The History of Traditional English Fish and Chips

Guest Blogger: Kathryn Ward

Good old-fashioned fish and chips have had quite a journey to become Britain’s national dish of choice (if you ignore curry!). And despite our modern-day health obsessions, ‘fancy’ fish and chips are becoming increasingly trendy, with a few hipster chip pies being opened in Shoreditch and other areas of East London.

Remember, if you really want fish and chips, you don’t have to gratify your desires in an unhealthy way. You could always oven cook your fish and cook McCain home chips in the oven too. But before you chow down, take a moment to appreciate the rich history that traditional English fish and chips have enjoyed. They’ve come a long way and this deserves to be acknowledged!

In the beginning
The start of this story is shrouded in the mists of time, so some of the details are a little hazy. Both Lancashire and London claim to be the first to invent the meal. The meal became a staple amongst the working classes in the UK due to the expansion of trawler fishing in the North Sea. It is thought that deep-fried fish made its debut in Britain in the 17th century, cooked up by Jewish refugees from Portugal and Spain.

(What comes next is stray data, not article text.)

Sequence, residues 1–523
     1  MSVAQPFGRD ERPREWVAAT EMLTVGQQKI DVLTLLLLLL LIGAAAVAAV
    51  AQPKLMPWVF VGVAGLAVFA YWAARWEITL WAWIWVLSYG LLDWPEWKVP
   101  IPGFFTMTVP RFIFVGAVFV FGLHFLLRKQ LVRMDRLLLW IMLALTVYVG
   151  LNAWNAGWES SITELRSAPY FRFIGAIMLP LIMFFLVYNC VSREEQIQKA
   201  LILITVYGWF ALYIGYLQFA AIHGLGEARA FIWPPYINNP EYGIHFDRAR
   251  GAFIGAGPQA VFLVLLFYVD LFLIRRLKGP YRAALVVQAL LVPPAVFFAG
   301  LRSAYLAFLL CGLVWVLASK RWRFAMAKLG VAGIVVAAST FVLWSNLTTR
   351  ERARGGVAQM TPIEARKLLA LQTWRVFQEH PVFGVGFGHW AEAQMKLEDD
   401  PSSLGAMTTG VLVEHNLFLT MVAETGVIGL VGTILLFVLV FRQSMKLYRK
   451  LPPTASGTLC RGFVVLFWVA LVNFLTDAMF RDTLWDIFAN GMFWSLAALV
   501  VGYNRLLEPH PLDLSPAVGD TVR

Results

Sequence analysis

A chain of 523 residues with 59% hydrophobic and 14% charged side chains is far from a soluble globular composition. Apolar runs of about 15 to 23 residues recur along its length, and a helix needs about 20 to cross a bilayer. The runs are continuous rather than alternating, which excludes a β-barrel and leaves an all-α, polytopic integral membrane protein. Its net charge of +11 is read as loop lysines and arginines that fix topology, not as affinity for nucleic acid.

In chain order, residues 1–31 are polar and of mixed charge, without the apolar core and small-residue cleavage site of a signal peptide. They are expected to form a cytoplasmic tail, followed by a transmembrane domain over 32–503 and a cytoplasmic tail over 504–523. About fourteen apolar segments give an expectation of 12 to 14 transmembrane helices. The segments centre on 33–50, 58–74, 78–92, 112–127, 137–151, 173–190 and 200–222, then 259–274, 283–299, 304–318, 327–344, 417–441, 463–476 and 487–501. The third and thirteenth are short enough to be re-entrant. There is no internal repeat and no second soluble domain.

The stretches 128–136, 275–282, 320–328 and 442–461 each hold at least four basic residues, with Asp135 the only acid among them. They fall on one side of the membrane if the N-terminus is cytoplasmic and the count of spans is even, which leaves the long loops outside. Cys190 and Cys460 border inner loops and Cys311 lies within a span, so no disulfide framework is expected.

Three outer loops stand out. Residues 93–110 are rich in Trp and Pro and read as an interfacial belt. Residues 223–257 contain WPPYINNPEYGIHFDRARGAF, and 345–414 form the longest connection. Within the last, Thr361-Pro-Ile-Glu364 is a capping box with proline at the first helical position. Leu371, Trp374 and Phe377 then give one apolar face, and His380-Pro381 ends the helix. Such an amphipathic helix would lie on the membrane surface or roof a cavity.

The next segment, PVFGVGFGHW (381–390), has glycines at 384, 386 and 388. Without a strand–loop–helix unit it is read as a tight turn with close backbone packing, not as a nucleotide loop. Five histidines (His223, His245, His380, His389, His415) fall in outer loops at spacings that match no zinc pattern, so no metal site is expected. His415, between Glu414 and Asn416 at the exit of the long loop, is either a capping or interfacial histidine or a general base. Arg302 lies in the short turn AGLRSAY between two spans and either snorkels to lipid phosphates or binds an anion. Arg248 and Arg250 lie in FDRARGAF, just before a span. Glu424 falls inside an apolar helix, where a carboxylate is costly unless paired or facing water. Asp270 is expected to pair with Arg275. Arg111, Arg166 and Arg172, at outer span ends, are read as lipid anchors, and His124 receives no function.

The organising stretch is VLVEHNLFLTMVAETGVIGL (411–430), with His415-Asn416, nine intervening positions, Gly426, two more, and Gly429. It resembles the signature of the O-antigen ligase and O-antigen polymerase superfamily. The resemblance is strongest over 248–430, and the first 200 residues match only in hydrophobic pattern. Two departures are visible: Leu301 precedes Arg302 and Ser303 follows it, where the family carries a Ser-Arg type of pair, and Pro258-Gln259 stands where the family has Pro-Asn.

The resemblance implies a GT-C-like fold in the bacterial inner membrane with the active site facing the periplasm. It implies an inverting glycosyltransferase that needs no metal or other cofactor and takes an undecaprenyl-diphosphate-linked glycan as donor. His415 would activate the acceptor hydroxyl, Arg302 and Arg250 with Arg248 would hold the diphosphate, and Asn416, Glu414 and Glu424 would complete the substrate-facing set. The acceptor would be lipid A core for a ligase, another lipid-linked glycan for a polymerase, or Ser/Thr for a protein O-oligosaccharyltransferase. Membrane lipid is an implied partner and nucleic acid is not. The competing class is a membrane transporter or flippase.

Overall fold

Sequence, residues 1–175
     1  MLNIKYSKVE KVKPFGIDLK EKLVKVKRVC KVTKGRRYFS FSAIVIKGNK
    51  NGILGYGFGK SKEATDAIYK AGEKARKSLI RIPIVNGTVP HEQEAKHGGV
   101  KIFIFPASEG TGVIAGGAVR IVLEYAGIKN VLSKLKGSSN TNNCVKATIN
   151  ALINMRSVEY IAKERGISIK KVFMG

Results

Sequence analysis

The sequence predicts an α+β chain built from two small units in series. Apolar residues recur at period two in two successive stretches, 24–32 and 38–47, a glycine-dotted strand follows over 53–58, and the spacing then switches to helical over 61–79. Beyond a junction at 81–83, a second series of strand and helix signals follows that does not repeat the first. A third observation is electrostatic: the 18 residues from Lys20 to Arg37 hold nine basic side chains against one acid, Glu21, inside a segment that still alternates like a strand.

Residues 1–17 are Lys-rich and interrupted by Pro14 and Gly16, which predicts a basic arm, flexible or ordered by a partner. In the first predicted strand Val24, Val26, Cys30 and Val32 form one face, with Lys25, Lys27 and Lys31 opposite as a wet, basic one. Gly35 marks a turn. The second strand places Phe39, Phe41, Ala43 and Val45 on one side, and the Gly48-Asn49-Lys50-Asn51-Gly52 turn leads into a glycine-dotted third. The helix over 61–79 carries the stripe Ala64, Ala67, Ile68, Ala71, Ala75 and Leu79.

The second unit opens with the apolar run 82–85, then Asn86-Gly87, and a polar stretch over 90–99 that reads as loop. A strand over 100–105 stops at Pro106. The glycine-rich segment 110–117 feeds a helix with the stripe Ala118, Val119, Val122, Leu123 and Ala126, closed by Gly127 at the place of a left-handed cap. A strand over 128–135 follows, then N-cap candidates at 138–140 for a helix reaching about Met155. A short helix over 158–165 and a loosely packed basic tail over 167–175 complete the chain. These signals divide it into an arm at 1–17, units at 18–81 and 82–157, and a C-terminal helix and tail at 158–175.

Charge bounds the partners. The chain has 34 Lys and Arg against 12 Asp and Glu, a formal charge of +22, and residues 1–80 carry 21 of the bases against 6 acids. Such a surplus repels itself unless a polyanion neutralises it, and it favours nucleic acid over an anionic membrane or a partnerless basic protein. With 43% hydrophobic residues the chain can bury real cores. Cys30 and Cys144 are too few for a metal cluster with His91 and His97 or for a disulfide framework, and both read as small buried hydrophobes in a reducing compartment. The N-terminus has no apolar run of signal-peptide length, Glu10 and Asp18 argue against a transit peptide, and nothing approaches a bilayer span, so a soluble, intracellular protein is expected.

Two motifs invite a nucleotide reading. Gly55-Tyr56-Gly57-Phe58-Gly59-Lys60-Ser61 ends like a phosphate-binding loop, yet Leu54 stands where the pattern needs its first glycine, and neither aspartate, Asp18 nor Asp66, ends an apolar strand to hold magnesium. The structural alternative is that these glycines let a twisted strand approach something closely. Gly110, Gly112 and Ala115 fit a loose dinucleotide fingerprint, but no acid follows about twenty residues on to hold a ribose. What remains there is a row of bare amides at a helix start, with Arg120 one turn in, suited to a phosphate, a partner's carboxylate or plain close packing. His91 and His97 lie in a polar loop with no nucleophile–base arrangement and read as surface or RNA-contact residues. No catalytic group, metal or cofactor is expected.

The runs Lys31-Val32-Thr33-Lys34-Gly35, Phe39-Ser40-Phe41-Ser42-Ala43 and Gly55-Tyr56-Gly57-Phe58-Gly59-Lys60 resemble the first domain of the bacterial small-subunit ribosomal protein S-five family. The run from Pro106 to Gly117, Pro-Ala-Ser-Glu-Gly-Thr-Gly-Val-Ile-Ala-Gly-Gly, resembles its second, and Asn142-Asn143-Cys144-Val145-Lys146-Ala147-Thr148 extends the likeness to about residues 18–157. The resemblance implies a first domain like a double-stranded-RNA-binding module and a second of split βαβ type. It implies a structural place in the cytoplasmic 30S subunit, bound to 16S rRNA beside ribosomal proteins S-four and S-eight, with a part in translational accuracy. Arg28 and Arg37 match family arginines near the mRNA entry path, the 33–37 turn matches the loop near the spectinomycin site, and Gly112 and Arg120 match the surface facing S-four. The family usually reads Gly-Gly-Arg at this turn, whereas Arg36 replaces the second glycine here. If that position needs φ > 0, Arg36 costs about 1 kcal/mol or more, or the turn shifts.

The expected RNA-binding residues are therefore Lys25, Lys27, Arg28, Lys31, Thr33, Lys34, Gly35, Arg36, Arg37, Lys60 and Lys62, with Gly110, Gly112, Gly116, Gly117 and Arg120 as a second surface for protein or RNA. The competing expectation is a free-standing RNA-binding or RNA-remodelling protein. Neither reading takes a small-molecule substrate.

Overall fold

While Sir Walter Raleigh first brought potatoes to England from the New World in the 17th century, it is believed that the French came up with cutting them into chips and frying them. Although both Lancashire and London claim to have came up with the concept of putting fish and chips together as a meal, it is now accepted that in 1860, Joseph Malin opened up the first ever fish and chip shop in London.

In Oldham, Lancashire, three years later, a fish and chip shop opened up, with a sign that erroneously claimed it was “the first fish and chip shop in the world”.

Changing times
Originally, fish and chip shops were small family businesses, usually run from the ‘front room’ of the house. These were very basic operations that often just had a large cauldron of cooking fat, heated by a coal fire.

When the Industrial Revolution started, it was powered by the energy of fish and chips. Soon, the concept of a fish and chip restaurant was introduced by Samuel Isaacs, who ran a fish business in London in the late 19th century. His first restaurant opened in 1896, and became a popular chain.

Fun fishy facts

During World War II, fish and chips remained one of the only foods in Britain that wasn’t subject to rationing
There are currently 10,500 specialist fish and chip shops in the UK
We consume 382 million portions of fish and chips each year
We spend £1.2 billion on average a year on fish and chips

The food snobs can say what they like; it’s clear that fish and chips are still this nation’s favourite meal. Do you have any of your own personalised recipes? How do you like your fish and chips? Let us know!

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